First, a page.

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I like VB but recently I’ve been doing most of my coding in C#. Recently I had a chance to implement some classes using VB .NET and was surprised and pleased to discover that it has its own particular take on classes, objects and methods - so much so that I had to look up the exact definitions of some of the modifiers that gave rise to the title of this article.
Form, class and instance
A form in VB is a class and most object-oriented programmers would expect to have to create an instance to make use of it.
However this can result in the proliferation of names. For example, if you have added the class Form2 to a project then to make use of it, the usual object-oriented approach would say that you first have to create an instance:
Dim Form3 As New Form2
This class versus instance problem leads to the sort of naming problems typified by the use of CStack, for the class that implements a stack, and Stack for an instance.
Often this is made to seem even more redundant because only a single instance of the class is ever likely to be created. This is certainly the case with the majority of forms – forms tend to be singleton classes.
VB tried to make life easier by allowing the programmer to use a form class as if it was an instance. For example, if you have added a form using the Add, New Item, Windows Form command, you can simply write:
You don’t need to create an instance here as the class name acts as a sort of default instance.
Don’t confuse this with a static class which can be used as if it was an object. This is just default instantiation, as can be seen by the fact that the constructor is called when the class name is first referenced in a statement. You can see this if you add the constructor to the form’s definition:
There are also no static methods shared with other instances of the form.
Hard liners will probably be shocked at such a breaking down of the distinction between class and instance but my only complaint is that there isn’t more of it.
Given this example a beginner might well think that after defining a new class – Class1 - that they could immediately make use of its methods using a similar construct:
This just creates a compile time error and for the new class you have to use the standard:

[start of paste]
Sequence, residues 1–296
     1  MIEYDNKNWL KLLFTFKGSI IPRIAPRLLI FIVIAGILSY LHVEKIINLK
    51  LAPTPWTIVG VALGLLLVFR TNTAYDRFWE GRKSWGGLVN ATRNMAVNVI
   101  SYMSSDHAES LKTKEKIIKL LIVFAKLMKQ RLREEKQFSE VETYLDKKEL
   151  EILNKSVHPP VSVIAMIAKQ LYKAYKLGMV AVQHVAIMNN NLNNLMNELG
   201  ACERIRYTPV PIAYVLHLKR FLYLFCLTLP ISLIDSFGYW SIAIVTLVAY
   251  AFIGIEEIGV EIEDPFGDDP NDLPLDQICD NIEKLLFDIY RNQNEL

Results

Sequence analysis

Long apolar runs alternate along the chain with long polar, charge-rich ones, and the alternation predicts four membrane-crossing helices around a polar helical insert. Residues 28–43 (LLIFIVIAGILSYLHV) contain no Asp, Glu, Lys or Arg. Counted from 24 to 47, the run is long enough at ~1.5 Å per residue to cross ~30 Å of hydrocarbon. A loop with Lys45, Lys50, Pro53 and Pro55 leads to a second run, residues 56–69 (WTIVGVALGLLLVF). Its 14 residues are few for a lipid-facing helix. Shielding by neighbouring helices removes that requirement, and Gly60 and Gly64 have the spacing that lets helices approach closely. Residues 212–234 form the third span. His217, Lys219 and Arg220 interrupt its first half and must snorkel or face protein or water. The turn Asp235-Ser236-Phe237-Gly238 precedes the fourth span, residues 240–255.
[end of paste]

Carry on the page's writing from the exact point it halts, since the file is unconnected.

Dim C As New Class1
What might be even more confusing is that the error message you see when trying to use a class as an instance suggests that the solution is to make the method “shared”.
This does indeed work but now we have a very different concept being introduced. The Shared modifier simply creates a static property or method that is shared between all of the instances. If you try to access a shared member via an instance then the compiler will do it but it will warn you and then evaluate it as if you had used the class name.
The final confusion caused by the singling out of a form for this special default instantiation is if you create classes that inherit from Form. For example if Class1 is defined as:
Public Class Class1
You can now use any methods defined in Class1 without the need to instantiate the class as in:
It would be better if VB adopted the rule that every class can be used without instantiation under its class name.
Before moving on it is also worth pointing out that in VB you cannot declare an entire class to be static or shared, only individual variables or methods. However there is the VB Module which behaves exactly like a static class.
If you add a Module called Module1 to a project and define any number of public methods and properties then you can immediately refer to any of them using the Module name without having to create an instance – indeed you can’t create additional instances of a Module. For example, if Module1 contains a public subroutine Test then you can call it at once using:
and attempts to write anything like
Dim M As New Module1
produce a compile time error.
Modules are static classes.